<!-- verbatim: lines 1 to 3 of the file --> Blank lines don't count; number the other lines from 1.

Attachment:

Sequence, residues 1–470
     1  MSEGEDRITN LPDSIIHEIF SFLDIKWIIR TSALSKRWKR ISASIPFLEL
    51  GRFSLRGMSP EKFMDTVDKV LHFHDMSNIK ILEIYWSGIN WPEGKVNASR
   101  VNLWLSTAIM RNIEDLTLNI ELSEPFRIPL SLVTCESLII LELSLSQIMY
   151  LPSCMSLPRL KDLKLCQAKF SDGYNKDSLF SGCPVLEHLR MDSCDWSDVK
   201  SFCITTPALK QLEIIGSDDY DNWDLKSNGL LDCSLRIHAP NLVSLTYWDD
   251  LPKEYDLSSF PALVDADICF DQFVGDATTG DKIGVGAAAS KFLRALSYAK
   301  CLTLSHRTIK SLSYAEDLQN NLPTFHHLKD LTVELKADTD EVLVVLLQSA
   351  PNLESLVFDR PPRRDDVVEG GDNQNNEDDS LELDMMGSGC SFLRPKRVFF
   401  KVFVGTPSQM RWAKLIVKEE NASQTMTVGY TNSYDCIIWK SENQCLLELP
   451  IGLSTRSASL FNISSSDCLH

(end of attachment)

Sequence, residues 1–470
     1  MSEGEDRITN LPDSIIHEIF SFLDIKWIIR TSALSKRWKR ISASIPFLEL
    51  GRFSLRGMSP EKFMDTVDKV LHFHDMSNIK ILEIYWSGIN WPEGKVNASR